Professor Ostwald spoke on "Eperauto, an International Language," yesterday afternoon in the large lecture room of the Jefferson Physical Laboratory.
During the Universal Exposition in Paris--1900, he said, a delegation was appointed by numerous congresses and societies to study the question of an international auxiliary language. This commission has been studying the many languages which have been invented, but as yet no definite decision has been reached. The general idea is that everyone shall not only learn his own native language, but also the universal one.
The investigating committee has decided that a universal language must conform to the following requirements: It must fulfill the needs of the ordinary intercourse of social life, of commercial communications, and of scientific and philosophic relations. It must be easily acquired by every person of average elementary education, and especially of persons of European civilization. It must not be one of the national languages.
A language that has grown naturally is always hard to learn. Is it possible to construct an artificial language? Many linguists feel that such a thing is impossible, but the international method of writing music disproves this. In all grammar there is a great deal of unnecessary repetition which makes a language likely to be mishandled. Such words as "telegraph" and "volt" can be understood in many countries at the present time. It is possible then to construct a language the vocabulary of which will already be partly understood. The present difficulty is to select one language and to make it universal. By means of such a language travellers may converse with transportation officials in any part of the world, and scientists will use the system in their international congresses.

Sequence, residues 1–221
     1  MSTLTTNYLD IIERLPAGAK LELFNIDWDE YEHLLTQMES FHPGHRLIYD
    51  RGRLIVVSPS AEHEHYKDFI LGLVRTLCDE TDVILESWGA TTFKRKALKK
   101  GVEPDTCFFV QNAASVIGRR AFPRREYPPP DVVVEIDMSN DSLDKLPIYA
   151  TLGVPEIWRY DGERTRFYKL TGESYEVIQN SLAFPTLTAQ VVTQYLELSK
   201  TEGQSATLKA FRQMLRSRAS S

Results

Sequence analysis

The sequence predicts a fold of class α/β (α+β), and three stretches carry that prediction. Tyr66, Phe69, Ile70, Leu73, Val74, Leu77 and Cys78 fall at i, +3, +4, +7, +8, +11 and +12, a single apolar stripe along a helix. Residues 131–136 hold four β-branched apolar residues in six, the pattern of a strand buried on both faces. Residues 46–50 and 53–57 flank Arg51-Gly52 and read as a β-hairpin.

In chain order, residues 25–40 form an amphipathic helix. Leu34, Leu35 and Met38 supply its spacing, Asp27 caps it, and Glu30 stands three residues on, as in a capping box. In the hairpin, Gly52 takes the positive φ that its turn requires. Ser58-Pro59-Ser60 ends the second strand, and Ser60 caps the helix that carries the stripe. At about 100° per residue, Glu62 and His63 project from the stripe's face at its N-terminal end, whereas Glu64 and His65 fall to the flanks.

Esperanto, the best known of the artificial languages, was invented by Dr. L. L. Zamenhof, a Russian. The Esperanto grammar can be learned in less than half an hour, and the vocabulary in a month or six weeks. Anyone reading Esperanto at sight can understand a large proportion of it. The key to the language can be mailed with a letter so that the recipient of the letter may be sure of getting its entire meaning. Over half a million people are now able to speak and write Esperanto. At a recent Congress of "Esperantists," people from 20 different nations understood one another perfectly and the system proved in every way a success.